Sarawak peatlands play crucial role in mitigating climate change

Lulie delivering her speech at the dinner.

By Lian Cheng and Ashley Sim

KUCHING, Sept 20: Due to the presence of large carbon pools, Sarawak and its peatlands play a uniquely important role in meeting Malaysia’s climate commitments of reducing its greenhouse gas emissions.

Sarawak Tropical Peat Research Institute (Tropi) director Dr Lulie Melling said Malaysia during last year’s UNFCCC COP-26 (United Nations Framework Convention on Climate Change COP 26) convention in Glasgow, agreed that it will reduce its GDP-based greenhouse gas emissions intensity by 45 per cent by 2030 compared to 2005 levels.

“And Sarawak plays a uniquely important role in meeting the nation’s climate commitments and ambitions. Sarawak’s peatlands, plays a major role due to their large carbon pools, many of which have been disrupted due to land use change, weather and climate extremes.

“It is thus, our joint challenge, as scientists, as policymakers, and industry stakeholders, to work together, combining the vast resources and talents that the State of Sarawak has to offer, to reduce, mitigate and even halt climate change.

“Flux measurements, the core of the work done by our conference delegates, and a key pillar of our work here at Tropi, have been essential in providing GHG (greenhouse gases) exchange information over time and space,” said Lulie during the AsiaFlux Conference 2022 Gala Dinner held at Tropi this evening.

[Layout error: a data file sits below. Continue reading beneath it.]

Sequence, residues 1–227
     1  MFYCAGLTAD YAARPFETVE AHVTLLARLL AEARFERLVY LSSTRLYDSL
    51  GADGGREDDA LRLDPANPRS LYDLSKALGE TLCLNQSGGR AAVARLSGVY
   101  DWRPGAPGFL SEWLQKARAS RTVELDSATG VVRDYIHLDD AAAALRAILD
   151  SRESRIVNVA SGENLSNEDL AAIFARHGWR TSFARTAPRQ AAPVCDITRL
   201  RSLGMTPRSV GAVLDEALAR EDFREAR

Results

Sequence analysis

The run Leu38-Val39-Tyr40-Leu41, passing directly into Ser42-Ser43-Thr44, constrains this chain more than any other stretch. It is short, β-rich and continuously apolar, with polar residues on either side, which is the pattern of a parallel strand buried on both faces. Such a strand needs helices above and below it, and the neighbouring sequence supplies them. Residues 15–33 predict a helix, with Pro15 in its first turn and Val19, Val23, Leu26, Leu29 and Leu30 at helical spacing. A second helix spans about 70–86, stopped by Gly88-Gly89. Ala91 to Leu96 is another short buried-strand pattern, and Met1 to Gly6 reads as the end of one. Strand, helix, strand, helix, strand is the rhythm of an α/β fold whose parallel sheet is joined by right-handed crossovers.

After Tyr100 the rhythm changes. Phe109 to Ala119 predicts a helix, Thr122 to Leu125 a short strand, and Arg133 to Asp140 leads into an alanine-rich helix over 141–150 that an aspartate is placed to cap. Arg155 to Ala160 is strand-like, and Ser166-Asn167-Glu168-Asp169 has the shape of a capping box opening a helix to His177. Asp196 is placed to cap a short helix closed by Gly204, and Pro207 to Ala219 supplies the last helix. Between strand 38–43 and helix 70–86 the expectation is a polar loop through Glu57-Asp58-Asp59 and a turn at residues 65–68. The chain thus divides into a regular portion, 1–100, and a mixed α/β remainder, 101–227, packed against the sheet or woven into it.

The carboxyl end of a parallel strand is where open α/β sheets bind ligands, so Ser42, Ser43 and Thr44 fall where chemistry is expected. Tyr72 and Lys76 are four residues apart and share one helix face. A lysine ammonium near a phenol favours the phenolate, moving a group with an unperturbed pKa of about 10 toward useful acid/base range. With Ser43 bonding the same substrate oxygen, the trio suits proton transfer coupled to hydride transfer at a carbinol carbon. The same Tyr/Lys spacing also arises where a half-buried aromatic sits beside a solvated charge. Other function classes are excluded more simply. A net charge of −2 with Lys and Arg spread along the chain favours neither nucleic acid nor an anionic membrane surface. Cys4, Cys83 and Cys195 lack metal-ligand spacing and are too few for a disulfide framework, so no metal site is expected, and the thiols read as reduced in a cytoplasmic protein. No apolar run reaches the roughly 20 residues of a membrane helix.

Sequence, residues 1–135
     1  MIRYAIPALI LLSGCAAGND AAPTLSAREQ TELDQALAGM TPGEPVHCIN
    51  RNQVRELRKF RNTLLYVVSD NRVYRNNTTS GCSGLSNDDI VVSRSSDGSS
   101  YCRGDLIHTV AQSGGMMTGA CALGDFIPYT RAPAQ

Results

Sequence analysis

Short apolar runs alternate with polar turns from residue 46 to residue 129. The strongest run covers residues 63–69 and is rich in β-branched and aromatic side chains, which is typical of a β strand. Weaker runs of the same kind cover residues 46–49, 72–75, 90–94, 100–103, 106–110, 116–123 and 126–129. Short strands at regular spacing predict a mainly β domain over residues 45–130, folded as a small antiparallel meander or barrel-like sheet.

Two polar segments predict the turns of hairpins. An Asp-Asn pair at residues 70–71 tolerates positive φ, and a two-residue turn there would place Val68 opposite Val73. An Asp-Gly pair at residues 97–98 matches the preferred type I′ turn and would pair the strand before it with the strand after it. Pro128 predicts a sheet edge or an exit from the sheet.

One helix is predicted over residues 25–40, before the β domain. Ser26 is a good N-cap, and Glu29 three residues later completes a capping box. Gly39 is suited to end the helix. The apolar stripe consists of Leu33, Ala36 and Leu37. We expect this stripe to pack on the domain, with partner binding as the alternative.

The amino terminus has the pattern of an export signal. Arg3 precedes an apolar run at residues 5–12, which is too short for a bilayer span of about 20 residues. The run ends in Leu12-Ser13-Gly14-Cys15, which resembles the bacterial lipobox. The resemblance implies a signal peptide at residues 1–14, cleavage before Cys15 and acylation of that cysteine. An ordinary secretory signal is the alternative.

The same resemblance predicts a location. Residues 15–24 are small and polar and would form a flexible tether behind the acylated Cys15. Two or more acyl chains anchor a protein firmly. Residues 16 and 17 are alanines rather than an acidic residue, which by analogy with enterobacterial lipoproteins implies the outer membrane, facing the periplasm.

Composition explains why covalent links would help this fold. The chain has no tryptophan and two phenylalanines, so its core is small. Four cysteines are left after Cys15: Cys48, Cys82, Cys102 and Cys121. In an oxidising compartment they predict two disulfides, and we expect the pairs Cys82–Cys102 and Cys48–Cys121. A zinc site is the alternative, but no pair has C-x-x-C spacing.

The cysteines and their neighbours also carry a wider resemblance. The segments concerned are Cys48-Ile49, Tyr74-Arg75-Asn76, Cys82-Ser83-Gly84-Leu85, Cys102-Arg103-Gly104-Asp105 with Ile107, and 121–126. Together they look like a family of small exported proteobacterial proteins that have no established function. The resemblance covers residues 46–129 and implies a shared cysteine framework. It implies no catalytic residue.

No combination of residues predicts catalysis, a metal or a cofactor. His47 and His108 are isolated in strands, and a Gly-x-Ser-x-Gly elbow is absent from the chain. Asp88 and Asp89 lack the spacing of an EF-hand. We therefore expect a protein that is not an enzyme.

She said such empirical evidence and scientific data and insights, provide policymakers with a much-needed tool, in making informed policy decisions and charting the path forward to a low-carbon economy.

She was confident that AsiaFlux, Tropi and Sarawak, is well-positioned to address these environmental issues head on.

Lulie asserted the issue of climate change has been in discussion for decades with many aware of the issue but very few have been brave enough to take action.

She thus praised Sarawak Premier Datuk Patinggi Tan Sri Abang Johari Tun Openg for taking the bold decision to place sustainability at the forefront of Sarawak’s agenda.

On climate change which she described as a risk multiplier and has been happening more quickly than feared, she noted glaciers and ice sheets in polar and mountain regions are already melting faster than ever before, causing sea levels to rise and if no actions are taken, certain entire cities could find themselves underwater in the near future, with millions of people displaced.

“Climate change is a direct cause of soil degradation, and in many regions, crops that have thrived over centuries are struggling to survive, making food security more precarious.

“Such impact tends to fall primarily on the poor and vulnerable, pushing more people into poverty as a result,” said Lulie who is the AsiaFlux Conference 2022 organising chairwoman.

In other parts of the world, climate change also heightens competition for resources such as land, food and water, fueling socioeconomic tensions and mass displacement, leading to pollical unrest and violence, she added.

“Today’s global economic crisis, across inflation and recession concerns, is simply a storm that will pass and that we will all recover from. But the same cannot be said about the looming catastrophe of global warming.

“This is a global threat, one which we are all, currently facing. But this is a race that we can win and a challenge, that we must overcome,” said Lulie. — DayakDaily